And then, just because people don’t buy physical records and CDs doesn’t mean the digital version doesn’t need a cover image… I’d say there’s even more music being produced now, cause it’s way easier than before, and it all needs cover art (not always photos but still)


It’s not intended to save turning the camera 90° when taking the picture, it’s intended to save not turning the camera 90° when taking the picture.

Because let’s face it, it would be so much easier to buy a new format and several new lenses to save learning how to compose the shot you want, rather than just pressing the shutter button and making all the decisions later.

Same could – and has been — said for any photography innovation… « learn how to focus rather than letting the AF do it for you », « learn to change your roll of film rather than choosing the appropriate ISO for each shot on your digital camera », « use a tripod rather than relying on IS/IBIS », « learn to time your photos rather than looking for higher FPS bodies », etc. That’s a very trite argument.
 
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unfocused

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When looking at the popularity of Instagram, I’d argue it isn’t an unpopular format… most shoot with their phone, but for someone looking to upgrade their camera to up their Instagram game, I can imagine that shooting square could be an interesting option…
You can select a 1:1 crop with the R series. So while I agree that the popularity of Instagram and other social media make the square format more popular, there is no reason you would need a special camera to shoot in a square format.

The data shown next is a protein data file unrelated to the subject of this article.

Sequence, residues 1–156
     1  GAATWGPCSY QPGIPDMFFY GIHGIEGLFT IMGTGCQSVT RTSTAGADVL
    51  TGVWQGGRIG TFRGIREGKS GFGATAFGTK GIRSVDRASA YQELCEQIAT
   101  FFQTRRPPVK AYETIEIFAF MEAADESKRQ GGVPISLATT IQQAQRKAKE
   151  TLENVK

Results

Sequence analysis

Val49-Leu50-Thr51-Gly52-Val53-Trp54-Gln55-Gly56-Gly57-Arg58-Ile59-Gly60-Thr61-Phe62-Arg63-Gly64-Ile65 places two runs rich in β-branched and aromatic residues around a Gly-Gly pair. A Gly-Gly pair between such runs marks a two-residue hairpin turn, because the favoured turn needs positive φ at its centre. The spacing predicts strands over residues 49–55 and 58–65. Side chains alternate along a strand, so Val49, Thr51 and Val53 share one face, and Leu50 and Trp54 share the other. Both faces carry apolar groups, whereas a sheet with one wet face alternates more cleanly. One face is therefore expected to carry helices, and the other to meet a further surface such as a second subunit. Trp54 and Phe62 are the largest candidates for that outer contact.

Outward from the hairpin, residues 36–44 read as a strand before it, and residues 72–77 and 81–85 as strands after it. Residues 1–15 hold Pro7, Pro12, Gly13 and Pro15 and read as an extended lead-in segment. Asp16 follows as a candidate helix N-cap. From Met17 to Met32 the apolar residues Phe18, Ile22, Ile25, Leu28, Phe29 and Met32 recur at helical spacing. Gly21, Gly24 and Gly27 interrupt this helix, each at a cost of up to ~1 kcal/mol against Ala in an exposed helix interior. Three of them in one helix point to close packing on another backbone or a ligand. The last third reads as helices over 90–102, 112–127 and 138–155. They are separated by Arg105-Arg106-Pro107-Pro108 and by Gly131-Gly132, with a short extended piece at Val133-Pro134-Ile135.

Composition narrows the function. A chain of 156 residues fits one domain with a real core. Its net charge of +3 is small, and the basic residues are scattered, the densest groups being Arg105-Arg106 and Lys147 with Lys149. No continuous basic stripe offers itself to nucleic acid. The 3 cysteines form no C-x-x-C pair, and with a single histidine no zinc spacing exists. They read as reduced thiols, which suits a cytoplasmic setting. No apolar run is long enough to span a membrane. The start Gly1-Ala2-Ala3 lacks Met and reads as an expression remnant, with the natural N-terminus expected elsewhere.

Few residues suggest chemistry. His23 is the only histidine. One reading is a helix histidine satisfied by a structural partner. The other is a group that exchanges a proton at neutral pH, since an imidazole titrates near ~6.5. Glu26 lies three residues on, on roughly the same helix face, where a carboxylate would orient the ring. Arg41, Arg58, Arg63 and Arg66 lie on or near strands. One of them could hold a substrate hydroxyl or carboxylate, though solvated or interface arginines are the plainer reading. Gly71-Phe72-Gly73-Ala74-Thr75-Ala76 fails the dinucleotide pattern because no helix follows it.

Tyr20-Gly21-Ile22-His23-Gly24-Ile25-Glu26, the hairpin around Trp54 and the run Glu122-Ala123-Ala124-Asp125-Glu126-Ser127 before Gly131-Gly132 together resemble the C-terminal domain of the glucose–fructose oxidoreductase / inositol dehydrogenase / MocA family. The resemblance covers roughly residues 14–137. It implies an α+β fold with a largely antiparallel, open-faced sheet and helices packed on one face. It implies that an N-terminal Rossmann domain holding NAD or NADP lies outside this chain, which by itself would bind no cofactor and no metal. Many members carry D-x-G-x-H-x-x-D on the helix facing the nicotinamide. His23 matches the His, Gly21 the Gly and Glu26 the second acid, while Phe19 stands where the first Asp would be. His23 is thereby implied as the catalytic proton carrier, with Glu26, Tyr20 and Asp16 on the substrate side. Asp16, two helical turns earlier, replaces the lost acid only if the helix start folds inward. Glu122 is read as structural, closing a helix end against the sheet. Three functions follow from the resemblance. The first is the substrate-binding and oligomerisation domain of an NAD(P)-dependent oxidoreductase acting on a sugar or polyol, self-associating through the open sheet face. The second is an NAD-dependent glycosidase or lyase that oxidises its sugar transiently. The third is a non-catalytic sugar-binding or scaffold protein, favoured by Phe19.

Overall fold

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unfocused

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What I always enjoy about the square format discussions is that so many people think you can get a larger image out of the lens circle with a square crop. I barely passed geometry but I at least know that the total area won't change if you draw a square or a rectangle within the circle.
 
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privatebydesign

I post too Much on Here!!
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Jan 29, 2011
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When looking at the popularity of Instagram, I’d argue it isn’t an unpopular format… most shoot with their phone, but for someone looking to upgrade their camera to up their Instagram game, I can imagine that shooting square could be an interesting option… but it’d need to come in mainstream cameras (probably also with a UI overhaul, internet capabilities to upload and maybe even apps to edit on device, but that’s another discussion and not something I’d want for myself, but maybe something that could bring a new audience to dedicated cameras…)

And then, just because people don’t buy physical records and CDs doesn’t mean the digital version doesn’t need a cover image… I’d say there’s even more music being produced now, cause it’s way easier than before, and it all needs cover art (not always photos but still)
Instagram started with the square format, now not so much, fewer and fewer posts are square. But as you say yourself, most posts are direct from phones so how relevant is the ‘proper‘ camera in that? Even a square cropped 4/3 sensor gives much higher image quality than a phone, so where’s the benefit in forcing the proper camera user into shooting square full time, then they’d need to crop for the other formats Instagram supports!

Most music imagery for releases is tied into the video shoots or is a graphics image , square format is close to extinct in the commercial world.